Below is graphic footage of another lynching – and as with other incidents we see large numbers of rebel supporters involved. HRI has far more graphic footage including Al Qaeda-style beheadings which we are keeping back as evidence. (Note for those submitting material: please provide information regarding provenance, time, place, perpetrators, victims and witnesses and soundtracks where possible)

WARNING:GRAPHIC VIDEO

Where reports of racial atrocities have reached the media, the story has been that the victims are “African mercenaries” despite plenty of evidence to the contrary. Amnesty workers on the ground have reported that the widespread allegations of African mercenaries have little or no basis in fact – but this information has been suppressed and the fears of African mercenaries, extremely useful to the rebel side, have been whipped up by the media and NATO politicians such as UK Defence Secretary Liam Fox.

The rebel commander in Misrata threatened to ethnically cleanse Tawergha, the town to the south of Misrata occupied mainly by dark-skinned people – months later that object seems to have been achieved with direct air support from NATO – yet the crime has been ignored.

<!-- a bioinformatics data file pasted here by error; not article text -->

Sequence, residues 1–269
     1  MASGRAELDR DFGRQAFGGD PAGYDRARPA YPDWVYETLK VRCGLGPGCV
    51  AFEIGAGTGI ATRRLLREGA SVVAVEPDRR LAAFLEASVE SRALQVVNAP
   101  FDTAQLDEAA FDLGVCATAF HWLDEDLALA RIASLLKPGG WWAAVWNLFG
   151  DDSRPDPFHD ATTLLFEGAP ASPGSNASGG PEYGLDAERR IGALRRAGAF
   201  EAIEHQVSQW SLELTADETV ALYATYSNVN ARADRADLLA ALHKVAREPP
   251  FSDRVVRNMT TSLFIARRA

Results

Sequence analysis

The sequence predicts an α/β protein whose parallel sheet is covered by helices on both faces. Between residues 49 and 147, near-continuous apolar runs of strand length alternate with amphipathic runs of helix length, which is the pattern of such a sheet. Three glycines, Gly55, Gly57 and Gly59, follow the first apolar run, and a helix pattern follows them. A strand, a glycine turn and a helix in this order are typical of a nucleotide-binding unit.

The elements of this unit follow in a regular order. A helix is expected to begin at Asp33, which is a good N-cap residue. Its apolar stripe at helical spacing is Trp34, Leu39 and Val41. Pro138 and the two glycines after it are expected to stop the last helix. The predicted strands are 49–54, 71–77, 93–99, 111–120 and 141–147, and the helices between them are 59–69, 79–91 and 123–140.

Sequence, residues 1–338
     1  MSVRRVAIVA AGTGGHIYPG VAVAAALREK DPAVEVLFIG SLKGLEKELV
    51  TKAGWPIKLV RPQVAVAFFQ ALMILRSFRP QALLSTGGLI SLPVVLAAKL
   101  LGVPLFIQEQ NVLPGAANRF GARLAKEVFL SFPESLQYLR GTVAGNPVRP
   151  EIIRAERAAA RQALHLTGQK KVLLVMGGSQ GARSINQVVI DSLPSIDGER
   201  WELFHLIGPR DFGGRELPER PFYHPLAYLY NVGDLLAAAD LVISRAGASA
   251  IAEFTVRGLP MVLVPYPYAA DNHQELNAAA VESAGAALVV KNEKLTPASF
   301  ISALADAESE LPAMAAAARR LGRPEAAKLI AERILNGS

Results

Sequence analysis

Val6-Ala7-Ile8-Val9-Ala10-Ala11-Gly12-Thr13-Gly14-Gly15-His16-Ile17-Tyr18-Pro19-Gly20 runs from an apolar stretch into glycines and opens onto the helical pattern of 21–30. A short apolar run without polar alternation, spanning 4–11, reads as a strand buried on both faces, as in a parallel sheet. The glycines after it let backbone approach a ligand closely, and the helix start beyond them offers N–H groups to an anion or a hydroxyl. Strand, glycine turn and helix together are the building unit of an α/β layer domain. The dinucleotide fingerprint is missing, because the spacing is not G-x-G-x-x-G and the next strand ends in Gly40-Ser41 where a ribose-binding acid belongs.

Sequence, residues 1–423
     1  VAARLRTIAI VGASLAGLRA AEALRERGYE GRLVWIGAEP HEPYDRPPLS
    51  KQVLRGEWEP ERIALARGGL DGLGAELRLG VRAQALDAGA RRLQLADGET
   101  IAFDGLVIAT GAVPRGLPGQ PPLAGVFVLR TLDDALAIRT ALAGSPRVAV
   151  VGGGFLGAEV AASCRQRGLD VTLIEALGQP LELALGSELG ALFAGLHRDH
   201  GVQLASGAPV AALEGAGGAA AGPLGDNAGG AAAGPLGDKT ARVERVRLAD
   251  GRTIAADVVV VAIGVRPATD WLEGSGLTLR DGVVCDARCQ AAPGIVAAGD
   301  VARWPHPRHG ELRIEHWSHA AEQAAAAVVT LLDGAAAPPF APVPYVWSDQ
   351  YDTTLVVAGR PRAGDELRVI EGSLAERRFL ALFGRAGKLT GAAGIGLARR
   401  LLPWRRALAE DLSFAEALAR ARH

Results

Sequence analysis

The entry of the rebel brigade from Misrata – which the Wall Street Journal reports calls itself the “brigade to purge black skin, slaves” into Tripoli, enabled by NATO, led to inevitable round-ups of black people, massacres and abuses of human rights including the slaughter of patients in the Abu Salim hospital.

Well, today are Amnesty reporting some of the facts in Tripoli although whether this will reach the mainstream media is another question.

Today, Amnesty also report some earlier incidents they witnessed recently:

On 29 August, Amnesty examined the body of an unidentified black man at the Tripoli Medical Centre morgue. He was brought into the morgue earlier that morning by unknown men. His feet and his torso were tied. He bore no visible injuries, but had blood smudged around his mouth. The state of his body pointed to a recent death. No autopsy report was available, and no identification documents were found on him.